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Aug 03, 2012, 04.03 PM IST
Robert Parker of Credit Suisse AMC sees global equity markets trade sideways with a downwards bias till September.
Q: Do you see this resistance to buying bonds also continuing from the Germans, even if Spanish and Italian yields go up sharply as they started to yesterday?
A: Eventually, probably yes. But as of today, there still seems to be German Bundesbank resistance to the ECB acting aggressively in the purchase of Spanish and Italian bonds. On the ECB governing council meeting, Mario Draghi reported that there was a unanimous vote in support of the intervention with one exception. He obviously did not say who that one exception was, but one can assume that it was the representative from the German Bundesbank.
So the message that at least the markets have received today is that there is still Bundesbank resistance to the ECB purchase of sovereign bonds.
Q: The market reaction to yesterday’s statement has not been great, but do you expect this current phase of risk-on to meet with serious challenges going forward?
A: My view is that this concept of 'risk-on' and ‘risk-off' is actually in the process of changing. Clearly, equity markets have rallied since the third week of June, but this week we have had a negative market reaction. Today, I actually think investor flows would be driven by number of other factors rather than these short-term risk-off and risk-on trades.
Having said that, over the next few weeks, probably going into late-August, I am assuming that the markets will probably trade sideways with a downward bias. But as we go into late-August, early September, there is a high probability that global equity markets actually build on the rally that started in late June.
Q: What are your expectations from the US Fed? At the Jackson Hole meeting or the September 13 meeting, are you expecting any firm commitment or of QE3?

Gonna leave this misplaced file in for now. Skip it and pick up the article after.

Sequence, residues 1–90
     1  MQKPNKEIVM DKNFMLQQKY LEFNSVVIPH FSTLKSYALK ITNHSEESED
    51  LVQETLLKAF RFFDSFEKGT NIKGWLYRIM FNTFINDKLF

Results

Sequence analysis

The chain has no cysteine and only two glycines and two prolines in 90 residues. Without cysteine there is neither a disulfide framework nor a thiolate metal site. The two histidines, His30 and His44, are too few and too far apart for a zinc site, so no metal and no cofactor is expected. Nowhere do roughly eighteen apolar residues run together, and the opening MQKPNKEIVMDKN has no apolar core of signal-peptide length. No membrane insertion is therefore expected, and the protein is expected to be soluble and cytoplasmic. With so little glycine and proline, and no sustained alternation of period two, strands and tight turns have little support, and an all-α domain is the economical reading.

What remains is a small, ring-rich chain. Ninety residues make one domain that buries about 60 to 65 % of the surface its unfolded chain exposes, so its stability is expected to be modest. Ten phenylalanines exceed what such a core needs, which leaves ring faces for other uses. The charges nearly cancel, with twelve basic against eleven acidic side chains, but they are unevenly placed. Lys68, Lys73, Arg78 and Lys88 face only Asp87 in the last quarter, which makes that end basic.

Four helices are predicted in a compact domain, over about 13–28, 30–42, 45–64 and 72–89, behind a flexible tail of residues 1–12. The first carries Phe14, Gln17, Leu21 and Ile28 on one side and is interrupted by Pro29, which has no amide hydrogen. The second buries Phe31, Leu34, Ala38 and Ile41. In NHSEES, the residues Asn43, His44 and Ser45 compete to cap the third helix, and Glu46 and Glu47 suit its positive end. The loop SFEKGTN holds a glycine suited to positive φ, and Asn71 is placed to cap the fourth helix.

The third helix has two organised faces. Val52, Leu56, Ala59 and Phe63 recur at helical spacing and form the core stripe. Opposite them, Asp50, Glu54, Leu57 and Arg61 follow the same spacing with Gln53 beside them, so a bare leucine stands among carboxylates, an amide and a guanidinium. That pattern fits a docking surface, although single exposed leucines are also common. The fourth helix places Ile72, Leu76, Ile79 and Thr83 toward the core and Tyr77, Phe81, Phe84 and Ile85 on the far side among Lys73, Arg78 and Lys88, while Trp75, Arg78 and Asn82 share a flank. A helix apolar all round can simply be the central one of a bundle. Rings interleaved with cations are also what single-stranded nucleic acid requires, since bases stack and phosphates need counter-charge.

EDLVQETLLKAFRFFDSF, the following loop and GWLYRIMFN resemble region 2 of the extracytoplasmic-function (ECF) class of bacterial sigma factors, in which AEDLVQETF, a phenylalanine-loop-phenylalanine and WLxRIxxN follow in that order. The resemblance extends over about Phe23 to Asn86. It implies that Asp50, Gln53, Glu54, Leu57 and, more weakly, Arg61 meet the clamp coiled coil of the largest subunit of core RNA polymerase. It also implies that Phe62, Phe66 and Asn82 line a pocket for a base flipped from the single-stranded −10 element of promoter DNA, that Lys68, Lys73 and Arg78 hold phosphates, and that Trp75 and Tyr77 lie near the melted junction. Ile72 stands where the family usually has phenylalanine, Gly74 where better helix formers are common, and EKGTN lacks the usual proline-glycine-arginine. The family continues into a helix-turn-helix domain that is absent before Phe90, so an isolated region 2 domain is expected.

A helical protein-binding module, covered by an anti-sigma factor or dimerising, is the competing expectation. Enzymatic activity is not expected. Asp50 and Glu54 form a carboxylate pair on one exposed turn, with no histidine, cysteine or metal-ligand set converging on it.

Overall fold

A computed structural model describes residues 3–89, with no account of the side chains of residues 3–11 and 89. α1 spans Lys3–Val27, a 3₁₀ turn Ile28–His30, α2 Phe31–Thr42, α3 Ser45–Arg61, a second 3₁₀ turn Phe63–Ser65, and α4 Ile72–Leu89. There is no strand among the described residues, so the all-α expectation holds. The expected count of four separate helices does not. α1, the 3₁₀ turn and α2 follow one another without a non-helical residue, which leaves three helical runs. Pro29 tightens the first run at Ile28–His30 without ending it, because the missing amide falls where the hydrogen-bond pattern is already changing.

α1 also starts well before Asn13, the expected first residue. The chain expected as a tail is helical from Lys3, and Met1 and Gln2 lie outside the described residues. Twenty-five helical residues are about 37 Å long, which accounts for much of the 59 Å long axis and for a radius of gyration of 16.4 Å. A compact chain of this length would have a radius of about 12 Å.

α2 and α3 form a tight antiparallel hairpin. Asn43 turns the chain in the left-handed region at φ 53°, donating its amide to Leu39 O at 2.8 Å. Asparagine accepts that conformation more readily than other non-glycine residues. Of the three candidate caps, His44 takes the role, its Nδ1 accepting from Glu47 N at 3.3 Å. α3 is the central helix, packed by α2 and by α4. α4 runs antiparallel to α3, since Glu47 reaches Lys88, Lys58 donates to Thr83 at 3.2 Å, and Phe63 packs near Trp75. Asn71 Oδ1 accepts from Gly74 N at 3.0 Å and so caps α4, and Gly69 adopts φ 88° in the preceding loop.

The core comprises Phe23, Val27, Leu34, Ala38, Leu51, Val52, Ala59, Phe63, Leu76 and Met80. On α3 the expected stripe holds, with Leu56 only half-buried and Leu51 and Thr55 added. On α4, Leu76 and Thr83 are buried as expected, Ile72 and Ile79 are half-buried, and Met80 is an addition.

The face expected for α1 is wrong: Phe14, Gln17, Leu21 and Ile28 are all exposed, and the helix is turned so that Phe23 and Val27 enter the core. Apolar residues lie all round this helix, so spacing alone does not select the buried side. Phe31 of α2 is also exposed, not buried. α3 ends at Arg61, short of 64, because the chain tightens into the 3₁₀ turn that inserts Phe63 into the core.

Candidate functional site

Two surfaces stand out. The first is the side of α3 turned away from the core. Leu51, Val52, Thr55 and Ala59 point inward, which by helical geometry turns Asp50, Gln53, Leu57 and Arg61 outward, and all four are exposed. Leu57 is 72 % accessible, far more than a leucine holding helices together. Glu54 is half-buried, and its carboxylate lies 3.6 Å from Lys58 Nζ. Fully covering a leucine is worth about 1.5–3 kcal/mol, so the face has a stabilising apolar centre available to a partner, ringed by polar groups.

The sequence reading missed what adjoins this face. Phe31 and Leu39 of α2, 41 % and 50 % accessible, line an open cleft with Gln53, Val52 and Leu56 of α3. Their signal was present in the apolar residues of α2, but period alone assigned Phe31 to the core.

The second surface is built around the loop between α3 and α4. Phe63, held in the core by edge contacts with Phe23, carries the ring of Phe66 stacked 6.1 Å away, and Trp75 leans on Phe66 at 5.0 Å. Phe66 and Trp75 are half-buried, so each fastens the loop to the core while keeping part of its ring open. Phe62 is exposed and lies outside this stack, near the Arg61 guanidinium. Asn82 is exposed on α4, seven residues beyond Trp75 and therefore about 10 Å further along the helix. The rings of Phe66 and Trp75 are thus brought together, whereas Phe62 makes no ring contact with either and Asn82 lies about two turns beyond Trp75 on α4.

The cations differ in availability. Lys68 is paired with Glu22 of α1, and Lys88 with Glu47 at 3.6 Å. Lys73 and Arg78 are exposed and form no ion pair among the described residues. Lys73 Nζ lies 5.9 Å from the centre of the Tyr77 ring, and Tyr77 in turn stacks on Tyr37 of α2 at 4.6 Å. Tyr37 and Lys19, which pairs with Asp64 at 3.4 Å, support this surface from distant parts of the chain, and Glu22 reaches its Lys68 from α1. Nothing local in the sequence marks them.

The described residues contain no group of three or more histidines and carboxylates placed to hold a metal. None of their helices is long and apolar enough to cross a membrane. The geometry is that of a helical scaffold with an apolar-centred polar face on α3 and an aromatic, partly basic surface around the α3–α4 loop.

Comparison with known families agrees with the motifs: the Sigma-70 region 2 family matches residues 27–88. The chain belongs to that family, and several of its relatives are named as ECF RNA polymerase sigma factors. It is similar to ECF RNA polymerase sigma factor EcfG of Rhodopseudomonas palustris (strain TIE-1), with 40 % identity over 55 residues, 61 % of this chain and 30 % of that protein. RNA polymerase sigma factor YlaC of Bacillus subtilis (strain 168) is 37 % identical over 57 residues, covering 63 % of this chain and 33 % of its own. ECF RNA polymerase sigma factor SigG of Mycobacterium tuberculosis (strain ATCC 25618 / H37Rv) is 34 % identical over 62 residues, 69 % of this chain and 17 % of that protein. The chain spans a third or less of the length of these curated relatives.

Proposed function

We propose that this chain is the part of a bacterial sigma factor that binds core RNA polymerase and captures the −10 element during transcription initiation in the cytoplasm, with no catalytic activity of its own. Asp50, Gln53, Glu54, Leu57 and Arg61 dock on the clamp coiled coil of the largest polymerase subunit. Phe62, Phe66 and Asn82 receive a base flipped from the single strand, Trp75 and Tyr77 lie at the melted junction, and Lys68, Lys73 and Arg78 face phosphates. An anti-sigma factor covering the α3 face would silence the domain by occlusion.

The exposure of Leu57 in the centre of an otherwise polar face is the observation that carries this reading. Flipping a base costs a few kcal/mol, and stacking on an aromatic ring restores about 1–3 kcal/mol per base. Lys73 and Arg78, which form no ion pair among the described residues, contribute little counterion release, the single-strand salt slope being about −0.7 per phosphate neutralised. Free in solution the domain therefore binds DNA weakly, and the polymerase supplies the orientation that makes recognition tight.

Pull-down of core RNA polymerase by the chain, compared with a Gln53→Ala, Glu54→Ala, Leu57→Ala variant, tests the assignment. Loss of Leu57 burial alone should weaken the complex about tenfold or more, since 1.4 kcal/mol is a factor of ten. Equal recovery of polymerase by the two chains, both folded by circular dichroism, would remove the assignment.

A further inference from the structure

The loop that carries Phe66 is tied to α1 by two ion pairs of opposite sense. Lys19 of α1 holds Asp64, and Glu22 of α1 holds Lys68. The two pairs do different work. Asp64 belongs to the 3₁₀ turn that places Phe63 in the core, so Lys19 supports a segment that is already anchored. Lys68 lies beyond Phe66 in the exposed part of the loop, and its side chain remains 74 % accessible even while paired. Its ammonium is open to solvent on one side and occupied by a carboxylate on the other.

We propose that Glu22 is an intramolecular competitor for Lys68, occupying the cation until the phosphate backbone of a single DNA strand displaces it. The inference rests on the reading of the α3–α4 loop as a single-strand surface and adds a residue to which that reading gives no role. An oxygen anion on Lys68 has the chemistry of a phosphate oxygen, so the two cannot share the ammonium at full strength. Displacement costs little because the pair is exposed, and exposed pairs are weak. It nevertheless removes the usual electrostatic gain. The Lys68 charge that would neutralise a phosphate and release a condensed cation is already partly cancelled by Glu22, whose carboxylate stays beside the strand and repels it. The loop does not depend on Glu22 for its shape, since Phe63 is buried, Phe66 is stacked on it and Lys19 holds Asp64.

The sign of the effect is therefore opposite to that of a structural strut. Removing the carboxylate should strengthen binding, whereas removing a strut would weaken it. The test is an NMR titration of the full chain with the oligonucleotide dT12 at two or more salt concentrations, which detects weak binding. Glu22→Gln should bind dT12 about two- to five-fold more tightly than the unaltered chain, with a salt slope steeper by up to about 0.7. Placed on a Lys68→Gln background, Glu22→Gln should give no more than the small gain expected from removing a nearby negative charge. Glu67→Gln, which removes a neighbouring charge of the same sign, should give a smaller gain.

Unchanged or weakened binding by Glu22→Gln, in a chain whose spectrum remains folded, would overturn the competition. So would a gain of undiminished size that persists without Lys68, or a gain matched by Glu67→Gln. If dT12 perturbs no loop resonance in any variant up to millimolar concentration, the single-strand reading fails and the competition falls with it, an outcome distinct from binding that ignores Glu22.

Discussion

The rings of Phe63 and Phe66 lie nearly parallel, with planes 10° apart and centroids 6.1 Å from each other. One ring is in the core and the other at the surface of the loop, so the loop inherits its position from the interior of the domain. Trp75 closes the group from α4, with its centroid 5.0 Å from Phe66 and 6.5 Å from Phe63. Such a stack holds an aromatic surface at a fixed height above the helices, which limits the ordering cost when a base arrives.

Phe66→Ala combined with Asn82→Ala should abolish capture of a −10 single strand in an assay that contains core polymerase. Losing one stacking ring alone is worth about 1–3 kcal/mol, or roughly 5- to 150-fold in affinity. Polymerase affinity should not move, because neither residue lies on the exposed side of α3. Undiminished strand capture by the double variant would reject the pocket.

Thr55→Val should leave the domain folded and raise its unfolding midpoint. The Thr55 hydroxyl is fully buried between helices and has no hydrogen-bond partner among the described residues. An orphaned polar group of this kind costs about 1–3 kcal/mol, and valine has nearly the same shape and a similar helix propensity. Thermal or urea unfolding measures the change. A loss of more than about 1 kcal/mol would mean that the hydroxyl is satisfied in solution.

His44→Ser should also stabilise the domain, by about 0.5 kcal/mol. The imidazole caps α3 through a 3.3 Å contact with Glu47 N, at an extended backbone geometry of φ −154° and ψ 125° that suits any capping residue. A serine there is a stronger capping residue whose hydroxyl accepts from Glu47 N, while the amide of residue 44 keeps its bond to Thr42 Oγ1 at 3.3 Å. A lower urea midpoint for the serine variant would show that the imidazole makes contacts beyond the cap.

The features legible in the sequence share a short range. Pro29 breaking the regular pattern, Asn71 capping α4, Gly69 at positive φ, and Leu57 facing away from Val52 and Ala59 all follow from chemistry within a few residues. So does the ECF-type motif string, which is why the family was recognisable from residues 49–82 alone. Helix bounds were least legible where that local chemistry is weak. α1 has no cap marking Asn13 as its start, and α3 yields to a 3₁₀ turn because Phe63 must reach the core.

A: I think there is a very high probability that the Fed will initiate QE3 that could be USD 600 billion, both in the US treasury market and the mortgage backed securities market. That would take its balance sheet to USD 3.5 trillion.
They may also take action on interest rates that they pay when banks deposit money with the Federal Reserve. That would be the logical thing to do because it would discourage banks from leaving idle funds with the Fed and encourage banks to lend into the real economy.
Obviously Ben Bernanke at the end-August Jackson Hole meeting will give an important policy statement. In that policy statement, I think he is going to continue to air his concerns that the recovery in US economy is troublesome.
Q: Where does all this leave the euro? We have seen it yo-yo in a band of 1.20-1.24 to the dollar.Where do you see it headed from here now?
A: Let us first give some historical perspective. The euro started life at an exchange rate against the US dollar of 1.17. Since the euro has been in existence, its range against the US dollar has been a low of 0.82 and a high of 1.6. Today, we are in a range between 1.2 to probably 1.23-1.25. Recently there has been a historically high short market position on the euro and that actually gives support for the euro around current levels.
In comparing the euro against the dollar, we have the age old problem of comparing one weak currency against another weak currency. Interest rate differentials are marginally supportive for the euro. If we go into QE3 from the Fed, that should support the euro. My view, for at least the next three months, is that we are in a trading range around current levels on the euro, probably a low of 1.17-1.18 and a high of 1.25-1.26.
At these levels of the euro, Northern Europe led by Germany is super competitive. Going back to Mario Draghi’s comments, he makes the observation that Southern Europe still has a competitiveness problem. He didn’t, however, make the statement that with the euro close to 1.20, German industry and most of the northern European industry is super competitive. So we have a situation where the exchange rate is great for one part of the euro zone but it is still troublesome for the southern part of the euro zone.
Tags: market, Nifty, Sensex, European Central Bank policy meet, stimulus measures, German Bundesbank, ECB bond buying, eurozone debt crisis, Credit Suisse
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